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Gold To Still End 2019 At $1,400, Markets 'Pricing In Too Much Fed Easing': Capital Economics

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Gold prices are soaring on expectations of more Federal Reserve rate cuts in light of the escalating U.S.-China trade war, according to Capital Economics. “U.S. rate expectations plummeted in the wake of the tariff news, fanning the flames of the ongoing rally in the gold price. However, a solid U.S. employment report, released on Friday, suggests that markets may be pricing in too much Fed easing,” Capital Economics economists say in a note. The firm continues to expect gold to end the year at around $1,400 an ounce. Only a surprise move by the Fed could force Capital Economics to upwardly revise its forecast. “Our view remains that there will be one further rate cut this year, in December, and only 75 basis points in total in this cycle. However, clearly an earlier move can’t be ruled out and, if we change our Fed view, we would revise up our gold price forecast,” the economists write.

By Anna Golubova of Kitco News; agolubova@kitco.com

 

Gold’s Next Target Is $1,500 As Trade War Escalates: MKS PAMP Group

Monday August 5, 2019 08:55

Gold prices are starting the week with solid gains, driven by a currency war between the U.S. and China, MKS PAMP Group writes in a note. “The fact that the PBOC did not defend the 7.00 handle was viewed as a clear signal that China is willing to go toe-to-toe with the U.S. on trade, resulting in a firm risk off session across Asia to see regional equities sharply lower,” MKS says. The next target for gold is $1,500 an ounce, according to the note. “Gold firmed on the currency moves, pushing above USD $1,450 post-Yuan fix … From a technical perspective, the strength above USD $1,450 should now allow for a further extension of the recent strength, with initial targets extending to USD $1,500.”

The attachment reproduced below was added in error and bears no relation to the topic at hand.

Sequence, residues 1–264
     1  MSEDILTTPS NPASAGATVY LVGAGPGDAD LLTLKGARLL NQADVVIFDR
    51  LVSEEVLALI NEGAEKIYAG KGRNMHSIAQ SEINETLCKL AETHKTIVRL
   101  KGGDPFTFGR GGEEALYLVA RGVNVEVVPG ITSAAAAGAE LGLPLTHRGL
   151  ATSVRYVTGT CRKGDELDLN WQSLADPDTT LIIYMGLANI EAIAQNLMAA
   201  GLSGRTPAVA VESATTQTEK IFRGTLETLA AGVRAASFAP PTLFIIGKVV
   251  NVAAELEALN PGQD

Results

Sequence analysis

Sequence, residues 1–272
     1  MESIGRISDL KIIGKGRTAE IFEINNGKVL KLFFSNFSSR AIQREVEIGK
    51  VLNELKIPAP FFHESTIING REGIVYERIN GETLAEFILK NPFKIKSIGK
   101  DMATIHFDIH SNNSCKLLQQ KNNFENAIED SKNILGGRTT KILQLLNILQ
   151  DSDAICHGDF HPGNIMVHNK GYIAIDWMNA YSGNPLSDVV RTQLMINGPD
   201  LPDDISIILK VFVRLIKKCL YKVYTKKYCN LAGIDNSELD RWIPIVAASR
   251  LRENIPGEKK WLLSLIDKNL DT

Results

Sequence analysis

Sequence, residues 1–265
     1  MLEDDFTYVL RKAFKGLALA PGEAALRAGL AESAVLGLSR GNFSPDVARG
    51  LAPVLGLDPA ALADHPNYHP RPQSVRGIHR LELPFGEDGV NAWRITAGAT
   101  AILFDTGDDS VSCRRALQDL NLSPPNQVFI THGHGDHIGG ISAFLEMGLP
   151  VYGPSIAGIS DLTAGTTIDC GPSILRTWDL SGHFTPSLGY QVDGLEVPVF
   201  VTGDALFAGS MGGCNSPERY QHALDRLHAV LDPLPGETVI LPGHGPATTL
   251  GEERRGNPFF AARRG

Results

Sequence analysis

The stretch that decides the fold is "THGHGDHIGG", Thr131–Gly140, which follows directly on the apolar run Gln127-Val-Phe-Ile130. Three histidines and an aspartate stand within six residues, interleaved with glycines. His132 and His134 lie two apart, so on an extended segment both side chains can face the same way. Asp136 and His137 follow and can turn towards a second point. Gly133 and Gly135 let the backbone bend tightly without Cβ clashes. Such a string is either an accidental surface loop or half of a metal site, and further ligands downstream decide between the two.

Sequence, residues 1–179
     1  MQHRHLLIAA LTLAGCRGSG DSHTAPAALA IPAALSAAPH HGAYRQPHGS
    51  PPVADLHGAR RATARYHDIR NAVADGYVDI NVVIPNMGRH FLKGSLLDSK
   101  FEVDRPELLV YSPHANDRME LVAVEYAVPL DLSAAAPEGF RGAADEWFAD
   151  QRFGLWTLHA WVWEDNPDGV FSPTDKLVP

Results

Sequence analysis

By Anna Golubova of Kitco News; agolubova@kitco.com

 

Chinese Gold Output Is Down 5% In First Half Of 2019

Monday August 5, 2019 08:41

China’s gold output is down 5.05% at 180.68 tonnes in the first half of 2019, according to the China Gold Association. The decline is due to “environmental clampdowns and deepened supply side reform,” writes BMO Capital Markets managing director of commodities research Colin Hamilton. “Gold consumption fell 3.27% y/y to 523.54t in 1H19, as consumption in jewelry increased 1.97% y/y to 358.77t, while consumption in gold bars dropped 17.29% y/y to 110.51t,” Hamilton says. Also being noted by BMO is China’s central bank adding gold to its gold reserves. “China add[ed] 74.03t to its gold reserves, which now stand at 1,926.55 [tonnes]. The People's Bank of China has added to its reserves for 7 consecutive months.”

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